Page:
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Exercises to Target Traps/Rhomboids, Teres, and Chest?

Okay so many of you have seen my post recently on semi-writing my own routine and I know I’ve been blowing up the beginner’s forum lately but I just have a couple more questions…

I’ve been reading up a lot (probably too much because I’m becoming overwhelmed haha) about anatomy and realized there was more to back and chest than just rowing and pressing.
I learned more in depth about the iliac, thoracic, and lumbar fibers of the lats and how to hit them in different degrees of rows/pull downs. I also learned about the clavicle, sternal, and costal part of the chest and how you need more than just a chest press to develop all areas.

So my questions are:
What movements hit all three areas of the chest the most? I read that floor press hits the sternal and clavicle part of the chest. So what hits the costal?
And then regarding back, what hits the traps and rhomboids then if pull downs and rows mainly hit the different fibers of the lat?
Should the teres major be considered than as well when working out back or is it hit in most rows and pull downs?

Am I overthinking this? :woman_shrugging:

Absolutely
Your time would be better spent lifting things rather than thinking about lifting things.

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Get on Instagram and follow Paul carter and read all his IG stories too. He does a lot of answering questions. I think you’d benefit from it based on your posting

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I actually do follow him haha which is why I started overthinking all this because I want to make sure I’m hitting everything :sweat_smile:

But definitely need to just start lifting and playing around with exercises and learn from there.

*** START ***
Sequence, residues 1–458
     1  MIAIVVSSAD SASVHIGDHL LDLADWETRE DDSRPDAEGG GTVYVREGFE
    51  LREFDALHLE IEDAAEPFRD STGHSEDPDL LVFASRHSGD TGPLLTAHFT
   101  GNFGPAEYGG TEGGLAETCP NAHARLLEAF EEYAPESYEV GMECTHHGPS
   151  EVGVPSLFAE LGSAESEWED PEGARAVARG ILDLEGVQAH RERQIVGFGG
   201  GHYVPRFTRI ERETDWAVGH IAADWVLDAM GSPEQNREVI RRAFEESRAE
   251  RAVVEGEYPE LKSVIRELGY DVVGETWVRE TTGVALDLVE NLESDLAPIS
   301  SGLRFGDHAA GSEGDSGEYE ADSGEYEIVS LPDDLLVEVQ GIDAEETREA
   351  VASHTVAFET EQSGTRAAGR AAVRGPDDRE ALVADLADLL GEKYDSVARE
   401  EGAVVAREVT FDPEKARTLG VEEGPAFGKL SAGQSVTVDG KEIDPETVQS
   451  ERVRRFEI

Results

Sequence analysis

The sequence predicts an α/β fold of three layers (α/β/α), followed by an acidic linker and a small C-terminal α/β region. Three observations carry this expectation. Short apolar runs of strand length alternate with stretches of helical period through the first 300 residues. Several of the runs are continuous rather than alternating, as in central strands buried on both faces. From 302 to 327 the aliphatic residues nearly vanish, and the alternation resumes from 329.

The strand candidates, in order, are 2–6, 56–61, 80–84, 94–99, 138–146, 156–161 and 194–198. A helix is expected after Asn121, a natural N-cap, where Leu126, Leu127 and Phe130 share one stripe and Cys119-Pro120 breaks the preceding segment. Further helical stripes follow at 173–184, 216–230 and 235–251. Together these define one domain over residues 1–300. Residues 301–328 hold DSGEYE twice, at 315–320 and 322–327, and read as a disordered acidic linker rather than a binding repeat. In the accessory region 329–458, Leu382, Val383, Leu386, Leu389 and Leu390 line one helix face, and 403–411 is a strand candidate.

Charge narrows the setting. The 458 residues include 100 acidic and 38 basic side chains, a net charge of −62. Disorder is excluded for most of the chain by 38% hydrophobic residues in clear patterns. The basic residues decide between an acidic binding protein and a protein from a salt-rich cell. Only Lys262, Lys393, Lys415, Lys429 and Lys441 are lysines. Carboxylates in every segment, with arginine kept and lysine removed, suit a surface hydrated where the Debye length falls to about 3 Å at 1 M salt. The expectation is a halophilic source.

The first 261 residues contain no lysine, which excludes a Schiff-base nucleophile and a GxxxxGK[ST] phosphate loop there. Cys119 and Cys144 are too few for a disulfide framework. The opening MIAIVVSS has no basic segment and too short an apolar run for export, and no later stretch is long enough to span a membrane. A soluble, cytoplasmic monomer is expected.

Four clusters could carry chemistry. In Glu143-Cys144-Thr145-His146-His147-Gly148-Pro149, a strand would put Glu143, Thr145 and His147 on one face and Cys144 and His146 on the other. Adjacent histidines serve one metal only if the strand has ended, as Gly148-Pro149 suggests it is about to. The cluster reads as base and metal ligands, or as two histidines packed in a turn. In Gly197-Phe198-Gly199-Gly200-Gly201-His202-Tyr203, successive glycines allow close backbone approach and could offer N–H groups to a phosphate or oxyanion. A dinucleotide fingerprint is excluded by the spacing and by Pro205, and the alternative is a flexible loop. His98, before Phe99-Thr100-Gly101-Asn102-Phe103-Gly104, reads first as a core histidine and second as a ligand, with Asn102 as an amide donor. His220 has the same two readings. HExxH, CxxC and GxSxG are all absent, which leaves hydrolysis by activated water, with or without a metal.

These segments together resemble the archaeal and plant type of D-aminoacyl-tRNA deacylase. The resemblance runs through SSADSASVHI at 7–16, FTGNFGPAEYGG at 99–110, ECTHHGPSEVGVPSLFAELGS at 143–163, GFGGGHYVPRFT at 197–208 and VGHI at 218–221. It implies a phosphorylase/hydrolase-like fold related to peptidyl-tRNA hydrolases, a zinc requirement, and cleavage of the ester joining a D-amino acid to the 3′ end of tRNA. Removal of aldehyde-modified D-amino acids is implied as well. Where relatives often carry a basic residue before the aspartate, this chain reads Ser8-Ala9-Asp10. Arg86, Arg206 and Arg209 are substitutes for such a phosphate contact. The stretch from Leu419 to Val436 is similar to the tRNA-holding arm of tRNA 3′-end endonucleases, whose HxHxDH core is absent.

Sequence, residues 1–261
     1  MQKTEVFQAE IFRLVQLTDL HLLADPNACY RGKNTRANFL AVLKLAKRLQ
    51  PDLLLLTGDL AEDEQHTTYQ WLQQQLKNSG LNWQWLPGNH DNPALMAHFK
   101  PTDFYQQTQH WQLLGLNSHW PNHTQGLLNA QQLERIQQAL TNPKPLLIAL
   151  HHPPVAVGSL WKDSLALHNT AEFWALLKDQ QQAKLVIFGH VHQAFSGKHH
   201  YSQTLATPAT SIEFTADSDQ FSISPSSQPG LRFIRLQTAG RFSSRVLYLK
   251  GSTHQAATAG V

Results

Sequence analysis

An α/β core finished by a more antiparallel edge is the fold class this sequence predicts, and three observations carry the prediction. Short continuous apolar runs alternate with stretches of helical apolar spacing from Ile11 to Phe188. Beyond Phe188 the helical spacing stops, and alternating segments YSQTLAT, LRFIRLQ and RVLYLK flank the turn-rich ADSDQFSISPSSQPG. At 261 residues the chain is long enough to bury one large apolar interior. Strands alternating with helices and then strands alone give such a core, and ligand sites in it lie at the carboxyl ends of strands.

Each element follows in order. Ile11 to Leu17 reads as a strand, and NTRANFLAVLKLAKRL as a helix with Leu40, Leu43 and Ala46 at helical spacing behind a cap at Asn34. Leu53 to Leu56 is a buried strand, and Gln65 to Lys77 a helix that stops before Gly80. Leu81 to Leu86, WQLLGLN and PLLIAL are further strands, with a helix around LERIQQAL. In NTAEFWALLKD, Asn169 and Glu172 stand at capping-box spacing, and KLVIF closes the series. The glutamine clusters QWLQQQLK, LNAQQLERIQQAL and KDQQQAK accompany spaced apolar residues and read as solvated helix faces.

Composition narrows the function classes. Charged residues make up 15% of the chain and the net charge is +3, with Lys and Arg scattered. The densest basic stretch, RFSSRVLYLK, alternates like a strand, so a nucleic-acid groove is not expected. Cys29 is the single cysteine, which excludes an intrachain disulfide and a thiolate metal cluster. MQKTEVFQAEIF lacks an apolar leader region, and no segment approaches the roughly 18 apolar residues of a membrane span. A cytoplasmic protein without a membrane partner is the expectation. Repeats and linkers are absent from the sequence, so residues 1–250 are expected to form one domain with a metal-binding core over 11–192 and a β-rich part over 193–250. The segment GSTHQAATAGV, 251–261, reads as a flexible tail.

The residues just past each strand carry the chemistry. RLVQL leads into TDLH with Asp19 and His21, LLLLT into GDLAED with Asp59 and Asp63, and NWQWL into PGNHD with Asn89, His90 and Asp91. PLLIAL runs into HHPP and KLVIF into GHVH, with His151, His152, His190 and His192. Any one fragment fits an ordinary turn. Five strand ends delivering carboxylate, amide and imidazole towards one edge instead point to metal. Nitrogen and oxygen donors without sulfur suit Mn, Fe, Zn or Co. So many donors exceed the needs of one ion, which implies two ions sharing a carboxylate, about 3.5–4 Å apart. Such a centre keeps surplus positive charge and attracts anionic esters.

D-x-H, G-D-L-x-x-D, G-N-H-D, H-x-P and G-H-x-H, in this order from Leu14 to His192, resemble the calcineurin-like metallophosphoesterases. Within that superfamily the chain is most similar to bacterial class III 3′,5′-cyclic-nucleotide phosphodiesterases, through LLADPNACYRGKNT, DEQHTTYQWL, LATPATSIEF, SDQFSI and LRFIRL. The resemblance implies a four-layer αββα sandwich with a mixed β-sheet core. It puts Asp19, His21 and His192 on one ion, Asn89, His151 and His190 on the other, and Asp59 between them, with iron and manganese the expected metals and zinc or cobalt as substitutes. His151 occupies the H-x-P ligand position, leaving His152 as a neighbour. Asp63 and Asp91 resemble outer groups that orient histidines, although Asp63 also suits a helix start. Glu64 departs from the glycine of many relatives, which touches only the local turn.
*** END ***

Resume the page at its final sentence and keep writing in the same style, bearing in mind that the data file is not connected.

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Why don’t you join one of his group sessions. Like Valkyrie or garage gangsters?

The only people who really need to focus on this level of detail are competitive bodybuilders. And, maybe, people with extremely specific pre-existing injuries near those areas.

Everyone else, I mean, like, everyone else will be able to develop a solid looking physique without getting much more complicated than “horizontal press, vertical press, horizontal pull, vertical pull”.

Play around with some variety in those categories, for the physical and mental benefits, but absolutely do not stress about sufficiently targeting your iliac lat fibers or underemphasizing your costal pecs. That’s like stressing over eating 45 grams of protein per meal instead of 42 grams of protein per meal.

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Push your hands together like this, squeezing your pecs. Keep your arms bent, then raise and lower your hands. Feel different parts of your chest work as your arms are in different positions. Imagine an incline, decline or flat bench. Think of your costals. What hits them best?

Then straighten your arms while you continue to squeeze your hands together with your pecs. Raise and lower your arms, and feel different areas of your chest working as your arms are in different angles and alignments. Feel the tension with straight arms, like in a fly.

Try pumping your arms, like moving your hands towards and away from your ribs,while you still squeeze your hands together. Think about doing a pressing motion, adding in some adduction motion, like a dumbbell press.

Now reverse your hands so your pinkies are driving into each other and your knuckles are pointing towards your face. You’re simulating the underhand or Supinated grip. Go through the process again, feeling things out with this underhand grip.

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Not experienced enough haha. Otherwise I would.

@AllNaturalMama haven’t you been on stage? Or am I thinking of someone else?

Yes I’ve been on stage. But honestly at the time, I definitely was not ready to be on stage. I had only been lifting a little over a year and didn’t really think beyond having a big squat, bench, and deadlift and needing a big back for the figure division. Now that I’m coming back after an injury, I’m just wanting to be smarter about lifting.

But as I’ve been told, I’m overthinking too much so I’ll try not to and just get my butt in the gym and figure out what does and doesn’t work :joy::sweat_smile:

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There you go!

Honestly, you can’t do it all at once anyway - so you’ll find what works and you’ll focus there.

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